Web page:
However, the article alludes to the limitation arising from the doctrine’s conventional narrowness. In particular, it refers to the doctrine’s demand for a special relationship between influencers and the people they exploit. The authors’ general response to this challenge is based on their observation that “some courts construe the relationship language broadly.” (P. 94.) The problem is, of course, that there are not too many cases that prove this point. Accordingly, Luguri and Strahilevitz ultimately concede that handling dark patterns with conventional undue influence tools “would amount to an extension of the doctrine.” (P. 96, emphasis added.) Nonetheless, they state that such an extension would be desirable in light of the darkness they describe and “consistent with the purpose of the doctrine.” (P. 96.)
The article’s call to use the doctrine of undue influence against digital manipulations is invaluable. Indeed, the doctrine relies on a triangle of dominance, vulnerability, and a harmful contract, and this triangle can be found in various contractual scenarios, old and new alike. The problem is that the doctrine has long been applied too narrowly, preventing many from seeing how it can be utilized to address new realities. As the article suggests, part of the challenge comes from the conventional insistence that the parties will have a particularly close relationship, such as in the cases enumerated in the Restatement (Second) of Contracts, which include, for example, “parent and child, husband and wife, clergyman and parishioner, and physician and patient.” By contrast, dark patterns operate between strangers. Moreover, compared to the classical stories of undue influence, they are distinct in their “newness, scale, and effectiveness of techniques.” (Pp. 45-6.)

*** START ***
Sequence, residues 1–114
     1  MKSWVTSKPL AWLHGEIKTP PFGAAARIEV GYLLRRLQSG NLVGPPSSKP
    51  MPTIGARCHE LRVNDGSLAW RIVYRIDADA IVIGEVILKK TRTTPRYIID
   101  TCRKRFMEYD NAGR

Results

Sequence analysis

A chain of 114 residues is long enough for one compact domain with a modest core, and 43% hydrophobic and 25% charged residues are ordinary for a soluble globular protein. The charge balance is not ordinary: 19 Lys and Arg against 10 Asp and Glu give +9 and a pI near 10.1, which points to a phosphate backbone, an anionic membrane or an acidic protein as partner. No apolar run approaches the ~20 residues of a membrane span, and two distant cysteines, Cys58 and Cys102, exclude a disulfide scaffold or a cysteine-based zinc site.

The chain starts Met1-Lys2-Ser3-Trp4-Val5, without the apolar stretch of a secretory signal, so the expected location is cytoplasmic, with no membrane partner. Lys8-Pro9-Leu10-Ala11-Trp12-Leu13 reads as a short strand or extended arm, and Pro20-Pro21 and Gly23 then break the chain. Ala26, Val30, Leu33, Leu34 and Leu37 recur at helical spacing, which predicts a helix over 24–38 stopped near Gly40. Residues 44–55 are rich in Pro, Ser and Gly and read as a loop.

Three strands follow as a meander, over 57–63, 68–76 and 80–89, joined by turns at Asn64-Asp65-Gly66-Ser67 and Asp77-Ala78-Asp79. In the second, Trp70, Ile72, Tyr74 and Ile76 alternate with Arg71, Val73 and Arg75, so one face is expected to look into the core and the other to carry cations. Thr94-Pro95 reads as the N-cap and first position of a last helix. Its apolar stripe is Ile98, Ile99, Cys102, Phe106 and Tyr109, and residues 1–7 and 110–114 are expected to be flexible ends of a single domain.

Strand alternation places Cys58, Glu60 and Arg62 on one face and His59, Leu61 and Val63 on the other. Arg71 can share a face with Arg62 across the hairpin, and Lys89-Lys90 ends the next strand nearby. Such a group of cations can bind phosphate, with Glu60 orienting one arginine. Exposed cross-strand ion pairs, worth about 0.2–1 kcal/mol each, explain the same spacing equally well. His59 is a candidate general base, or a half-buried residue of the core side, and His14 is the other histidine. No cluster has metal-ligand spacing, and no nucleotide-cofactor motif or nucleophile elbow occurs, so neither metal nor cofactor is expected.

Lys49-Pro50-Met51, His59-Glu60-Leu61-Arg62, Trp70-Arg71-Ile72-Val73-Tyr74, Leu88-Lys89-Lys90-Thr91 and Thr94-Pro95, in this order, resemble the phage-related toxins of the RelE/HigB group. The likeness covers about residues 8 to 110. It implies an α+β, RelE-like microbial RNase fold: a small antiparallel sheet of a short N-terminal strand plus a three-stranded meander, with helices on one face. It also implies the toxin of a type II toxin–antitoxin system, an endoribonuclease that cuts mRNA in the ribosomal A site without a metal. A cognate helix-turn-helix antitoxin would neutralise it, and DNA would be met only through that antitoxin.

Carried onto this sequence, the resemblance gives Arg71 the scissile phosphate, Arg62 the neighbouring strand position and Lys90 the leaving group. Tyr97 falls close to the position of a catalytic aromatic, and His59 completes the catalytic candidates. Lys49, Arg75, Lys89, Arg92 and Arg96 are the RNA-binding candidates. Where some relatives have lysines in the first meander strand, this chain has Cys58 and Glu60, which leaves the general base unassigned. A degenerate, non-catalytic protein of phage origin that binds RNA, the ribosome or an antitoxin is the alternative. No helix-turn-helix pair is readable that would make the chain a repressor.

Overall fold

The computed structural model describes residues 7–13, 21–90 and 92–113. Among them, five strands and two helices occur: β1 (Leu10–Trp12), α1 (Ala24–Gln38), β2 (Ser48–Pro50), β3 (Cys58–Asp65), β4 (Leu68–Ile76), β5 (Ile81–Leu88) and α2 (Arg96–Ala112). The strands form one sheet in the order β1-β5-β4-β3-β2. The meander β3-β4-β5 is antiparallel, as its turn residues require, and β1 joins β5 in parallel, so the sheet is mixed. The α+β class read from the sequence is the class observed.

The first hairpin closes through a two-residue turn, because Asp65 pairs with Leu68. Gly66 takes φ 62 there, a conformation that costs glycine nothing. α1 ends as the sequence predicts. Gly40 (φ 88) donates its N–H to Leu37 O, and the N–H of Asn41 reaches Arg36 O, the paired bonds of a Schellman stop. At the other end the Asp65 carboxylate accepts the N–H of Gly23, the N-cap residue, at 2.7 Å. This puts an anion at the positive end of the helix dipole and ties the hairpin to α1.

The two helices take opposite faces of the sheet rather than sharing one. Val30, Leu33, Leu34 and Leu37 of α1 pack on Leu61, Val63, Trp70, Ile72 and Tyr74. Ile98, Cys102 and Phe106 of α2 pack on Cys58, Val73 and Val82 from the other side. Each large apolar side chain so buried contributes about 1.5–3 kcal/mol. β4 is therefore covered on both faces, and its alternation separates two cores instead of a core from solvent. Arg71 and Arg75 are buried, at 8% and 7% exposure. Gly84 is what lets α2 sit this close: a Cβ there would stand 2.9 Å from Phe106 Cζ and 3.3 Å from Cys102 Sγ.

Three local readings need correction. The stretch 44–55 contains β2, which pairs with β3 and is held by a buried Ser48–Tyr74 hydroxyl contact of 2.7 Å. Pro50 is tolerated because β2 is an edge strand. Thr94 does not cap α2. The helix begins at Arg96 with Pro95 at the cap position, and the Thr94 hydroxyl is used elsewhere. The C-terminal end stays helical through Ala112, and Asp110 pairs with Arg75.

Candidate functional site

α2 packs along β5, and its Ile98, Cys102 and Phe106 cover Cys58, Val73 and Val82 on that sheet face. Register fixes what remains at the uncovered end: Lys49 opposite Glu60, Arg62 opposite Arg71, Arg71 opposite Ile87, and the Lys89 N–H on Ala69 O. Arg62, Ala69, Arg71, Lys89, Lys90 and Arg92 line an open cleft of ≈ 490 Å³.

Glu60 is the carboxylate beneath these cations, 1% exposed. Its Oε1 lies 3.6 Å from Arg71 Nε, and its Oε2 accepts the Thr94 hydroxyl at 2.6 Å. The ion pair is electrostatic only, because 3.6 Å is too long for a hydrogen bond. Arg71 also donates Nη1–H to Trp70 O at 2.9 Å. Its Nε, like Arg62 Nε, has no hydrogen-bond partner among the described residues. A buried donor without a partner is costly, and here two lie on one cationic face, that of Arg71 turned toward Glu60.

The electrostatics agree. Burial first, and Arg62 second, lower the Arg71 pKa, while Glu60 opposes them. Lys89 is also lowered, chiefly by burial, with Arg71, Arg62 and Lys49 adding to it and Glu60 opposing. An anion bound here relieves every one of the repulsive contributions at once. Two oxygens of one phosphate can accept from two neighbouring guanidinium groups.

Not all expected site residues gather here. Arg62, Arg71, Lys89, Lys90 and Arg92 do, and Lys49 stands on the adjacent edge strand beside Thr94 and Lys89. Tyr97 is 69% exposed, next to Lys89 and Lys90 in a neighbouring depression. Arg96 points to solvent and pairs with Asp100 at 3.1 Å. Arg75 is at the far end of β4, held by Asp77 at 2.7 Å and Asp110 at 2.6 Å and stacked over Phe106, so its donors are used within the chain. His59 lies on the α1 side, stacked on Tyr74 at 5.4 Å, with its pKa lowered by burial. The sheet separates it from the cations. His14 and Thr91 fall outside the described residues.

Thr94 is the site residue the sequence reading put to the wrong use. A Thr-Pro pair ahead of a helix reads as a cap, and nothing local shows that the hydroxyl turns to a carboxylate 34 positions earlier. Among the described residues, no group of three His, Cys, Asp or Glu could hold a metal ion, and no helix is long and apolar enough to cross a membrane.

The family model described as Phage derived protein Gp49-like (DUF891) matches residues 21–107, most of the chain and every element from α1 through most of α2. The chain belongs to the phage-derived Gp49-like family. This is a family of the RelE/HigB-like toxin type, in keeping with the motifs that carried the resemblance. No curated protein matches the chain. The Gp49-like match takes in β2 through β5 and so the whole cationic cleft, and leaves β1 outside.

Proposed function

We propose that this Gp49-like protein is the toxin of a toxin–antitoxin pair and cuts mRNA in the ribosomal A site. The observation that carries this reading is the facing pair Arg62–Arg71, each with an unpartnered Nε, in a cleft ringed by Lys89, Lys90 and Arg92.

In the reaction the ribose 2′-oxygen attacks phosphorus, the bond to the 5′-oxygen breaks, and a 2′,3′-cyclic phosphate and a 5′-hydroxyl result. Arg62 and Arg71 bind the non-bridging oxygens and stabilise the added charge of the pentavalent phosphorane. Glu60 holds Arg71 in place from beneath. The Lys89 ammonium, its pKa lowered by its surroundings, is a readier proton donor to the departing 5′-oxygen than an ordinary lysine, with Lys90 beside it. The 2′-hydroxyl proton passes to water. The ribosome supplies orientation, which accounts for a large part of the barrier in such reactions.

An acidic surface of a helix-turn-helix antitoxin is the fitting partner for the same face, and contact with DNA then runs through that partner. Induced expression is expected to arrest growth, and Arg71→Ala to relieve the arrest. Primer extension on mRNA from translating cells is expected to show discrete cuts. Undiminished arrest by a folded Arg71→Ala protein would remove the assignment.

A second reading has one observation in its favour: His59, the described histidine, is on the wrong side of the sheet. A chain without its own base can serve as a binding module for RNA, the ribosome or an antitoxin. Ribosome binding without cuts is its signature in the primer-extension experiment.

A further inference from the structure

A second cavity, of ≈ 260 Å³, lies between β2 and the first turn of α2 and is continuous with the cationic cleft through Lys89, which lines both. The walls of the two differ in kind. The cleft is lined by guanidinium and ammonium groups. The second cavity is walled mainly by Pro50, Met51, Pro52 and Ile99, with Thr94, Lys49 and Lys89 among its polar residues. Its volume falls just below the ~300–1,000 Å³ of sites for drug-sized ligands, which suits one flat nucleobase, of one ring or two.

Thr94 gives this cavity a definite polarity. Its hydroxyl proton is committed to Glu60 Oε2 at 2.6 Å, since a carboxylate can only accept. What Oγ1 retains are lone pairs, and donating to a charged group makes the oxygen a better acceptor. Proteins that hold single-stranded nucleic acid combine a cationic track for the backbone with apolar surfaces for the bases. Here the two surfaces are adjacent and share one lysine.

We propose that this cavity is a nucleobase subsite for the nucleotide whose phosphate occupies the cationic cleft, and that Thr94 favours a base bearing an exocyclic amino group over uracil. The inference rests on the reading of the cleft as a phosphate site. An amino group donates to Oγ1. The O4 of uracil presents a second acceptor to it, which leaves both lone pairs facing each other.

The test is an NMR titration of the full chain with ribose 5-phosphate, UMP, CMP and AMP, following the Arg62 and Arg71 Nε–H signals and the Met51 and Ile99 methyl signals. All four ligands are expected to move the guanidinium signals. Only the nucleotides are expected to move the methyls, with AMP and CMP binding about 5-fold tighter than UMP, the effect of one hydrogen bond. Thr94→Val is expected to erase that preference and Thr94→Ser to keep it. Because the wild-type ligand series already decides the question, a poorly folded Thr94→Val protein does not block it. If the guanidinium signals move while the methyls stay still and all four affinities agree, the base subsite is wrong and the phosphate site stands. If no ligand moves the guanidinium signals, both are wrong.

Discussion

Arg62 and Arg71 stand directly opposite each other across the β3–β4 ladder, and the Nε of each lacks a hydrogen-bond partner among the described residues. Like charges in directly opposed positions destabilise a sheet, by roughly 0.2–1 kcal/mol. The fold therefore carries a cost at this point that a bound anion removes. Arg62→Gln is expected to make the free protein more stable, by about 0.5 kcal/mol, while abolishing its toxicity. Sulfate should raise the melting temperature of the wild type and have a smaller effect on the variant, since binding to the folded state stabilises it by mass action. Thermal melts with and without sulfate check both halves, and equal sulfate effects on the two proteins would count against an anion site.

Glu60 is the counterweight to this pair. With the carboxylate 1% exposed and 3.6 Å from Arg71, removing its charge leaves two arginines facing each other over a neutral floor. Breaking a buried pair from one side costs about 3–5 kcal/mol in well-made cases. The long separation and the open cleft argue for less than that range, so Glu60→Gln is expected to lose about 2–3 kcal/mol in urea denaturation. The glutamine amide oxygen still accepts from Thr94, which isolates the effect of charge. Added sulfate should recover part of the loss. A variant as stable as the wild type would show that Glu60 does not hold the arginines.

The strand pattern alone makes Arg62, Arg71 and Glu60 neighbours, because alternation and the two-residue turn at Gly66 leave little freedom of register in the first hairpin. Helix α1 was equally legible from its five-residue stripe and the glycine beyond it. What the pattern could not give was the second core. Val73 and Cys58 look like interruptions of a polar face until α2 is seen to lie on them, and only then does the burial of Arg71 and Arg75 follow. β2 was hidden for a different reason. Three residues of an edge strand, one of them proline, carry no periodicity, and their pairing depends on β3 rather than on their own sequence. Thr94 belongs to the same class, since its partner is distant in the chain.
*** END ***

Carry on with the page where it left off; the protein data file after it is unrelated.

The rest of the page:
Those notable differences, however, should support rather than undermine the authors’ claims regarding undue influence. The doctrine’s past focus on relationships that reside at the margin of the market should not prevent us from using it to handle contemporary and emerging issues that occur at the heart of the marketplace.
It should be further noted that another obstacle to applying undue influence to novel and vast forms of manipulation is the doctrine’s traditional focus on the most extreme cases of vulnerability. For example, common law scholars describe claimants of undue influence as “impaired in their judgmental capacity” due to “their morbid dependence on another.” However brazen, this description reflects the more general belief that only the pathologically vulnerable should be awarded relief under the doctrine. At the same time, it strongly suggests that ordinary users of contracts are not vulnerable and thus should be able to resist manipulations without legal help.
Yet, this view is misleading. In reality, as the vulnerability theory reminds us, we are all vulnerable due to our embodied humanity. And, counter to the neoliberal myth, people’s survival and thriving always entail dependency on others and susceptibility to influence. Indeed, firms and web designers are fully aware and ready to profit from the moderate vulnerabilities shared by ordinary people. As the authors explain, “[Dark patterns] typically prompt users to rely on System 1 decision-making rather than more deliberate System 2 processes, exploiting cognitive biases like framing effects, the sunk cost fallacy, and anchoring.” (P. 44.) In fact, recent literature demonstrates that digital manipulations can trick even Google software engineers.
New technologies make it easier to detect and exploit vulnerabilities in a systematic way that reaches everyone and is—as Luguri and Strahilevitz show—uniquely effective. This problem is presently acute and undoubtedly will further intensify. While concrete rules may help, we must also utilize existing flexible standards such as the one offered by the doctrine of undue influence to timely respond to emergent variations of manipulations. In the face of obstacles rooted in the doctrine’s conventional application, works like Shining Light of Dark Patterns justify a call for its modernization so that law can meet rising challenges to contracts’ voluntary nature.